The following is simple to write, to understand, to read, and to use: >>> thingsToDo = Stack(['write to mom', 'invite friend over', 'wash the kid']) >>> thingsToDo.push('do the dishes') >>> print thingsToDo.pop( ) do the dishes >>> print thingsToDo.pop( ) wash the kid

Two standard Python naming conventions are used in theStack class above. The first is that class names start with an uppercase letter, to distinguish them from functions. The other is that the _data attribute starts with an underscore. This is a half-way point between public attributes (which don't start with an underscore), private attributes (which start with two underscores; see Chapter 7), and Python-reserved identifiers (which both start and end with two underscores). What it means is that _data is an attribute of the class that shouldn't be needed by clients of the class. The class designer expects such pseudo-private attributes to be used only by the class methods and by the methods of any eventual subclass.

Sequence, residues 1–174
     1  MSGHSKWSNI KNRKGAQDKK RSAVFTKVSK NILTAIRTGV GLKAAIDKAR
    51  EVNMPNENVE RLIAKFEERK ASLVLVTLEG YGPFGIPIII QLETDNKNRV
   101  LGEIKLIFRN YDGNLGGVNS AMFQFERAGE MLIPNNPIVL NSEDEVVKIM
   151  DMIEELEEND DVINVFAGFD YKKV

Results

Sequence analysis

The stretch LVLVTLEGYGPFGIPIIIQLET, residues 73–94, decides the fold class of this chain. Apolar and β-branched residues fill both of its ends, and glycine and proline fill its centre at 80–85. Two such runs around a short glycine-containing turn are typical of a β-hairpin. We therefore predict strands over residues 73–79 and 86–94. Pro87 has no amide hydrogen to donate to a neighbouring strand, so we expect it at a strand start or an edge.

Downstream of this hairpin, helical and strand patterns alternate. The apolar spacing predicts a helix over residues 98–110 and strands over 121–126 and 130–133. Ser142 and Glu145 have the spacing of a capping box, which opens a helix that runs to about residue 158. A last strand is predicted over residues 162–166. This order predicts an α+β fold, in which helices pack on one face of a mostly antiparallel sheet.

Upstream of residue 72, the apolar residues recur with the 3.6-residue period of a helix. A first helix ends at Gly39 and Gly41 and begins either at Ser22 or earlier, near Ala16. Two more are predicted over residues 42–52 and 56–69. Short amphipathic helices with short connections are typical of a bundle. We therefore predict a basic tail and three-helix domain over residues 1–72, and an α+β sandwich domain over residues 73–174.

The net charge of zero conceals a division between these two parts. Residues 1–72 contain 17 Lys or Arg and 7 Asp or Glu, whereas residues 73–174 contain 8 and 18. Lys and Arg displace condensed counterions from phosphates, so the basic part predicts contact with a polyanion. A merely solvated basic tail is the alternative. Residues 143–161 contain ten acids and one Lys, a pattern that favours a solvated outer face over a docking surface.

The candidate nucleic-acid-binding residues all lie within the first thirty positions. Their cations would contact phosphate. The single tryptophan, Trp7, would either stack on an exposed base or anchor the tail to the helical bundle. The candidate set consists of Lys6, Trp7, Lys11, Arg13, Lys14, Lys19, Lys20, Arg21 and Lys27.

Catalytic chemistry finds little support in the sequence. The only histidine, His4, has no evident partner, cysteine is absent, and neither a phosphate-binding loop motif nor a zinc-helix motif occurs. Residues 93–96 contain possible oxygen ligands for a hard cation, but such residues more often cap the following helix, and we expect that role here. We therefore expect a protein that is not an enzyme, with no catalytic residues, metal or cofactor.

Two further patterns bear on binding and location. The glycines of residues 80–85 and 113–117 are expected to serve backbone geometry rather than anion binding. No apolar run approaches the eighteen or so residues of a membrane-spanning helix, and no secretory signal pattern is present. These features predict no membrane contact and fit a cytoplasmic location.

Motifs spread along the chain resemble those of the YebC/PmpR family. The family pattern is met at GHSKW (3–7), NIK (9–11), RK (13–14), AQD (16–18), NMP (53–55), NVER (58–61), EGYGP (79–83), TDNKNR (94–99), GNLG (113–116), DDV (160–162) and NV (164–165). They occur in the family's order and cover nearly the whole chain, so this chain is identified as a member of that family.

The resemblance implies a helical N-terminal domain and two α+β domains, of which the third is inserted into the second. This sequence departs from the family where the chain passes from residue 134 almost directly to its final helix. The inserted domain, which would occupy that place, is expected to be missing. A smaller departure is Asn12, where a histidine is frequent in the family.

27.4.5 Making New Lists and Dictionaries The Stack class presented earlier does its minimal job just fine. It assumes a fairly minimal definition of what a stack is, specifically, something that supports just two operations, a push and a pop. Some of the features of lists would be nice to use, such as the ability to iterate over all the elements using the for . . . in . . . construct. While you could continue in the style of the previous class and delegate to

the "inner" list object, at some point it makes more sense to simply reuse the implementation of list objects directly, through subclassing. In this case, you should derive a class from the list base class. The dict base class can also be used to create dictionary-like classes. # Subclass the list class. class Stack(list): push = list.append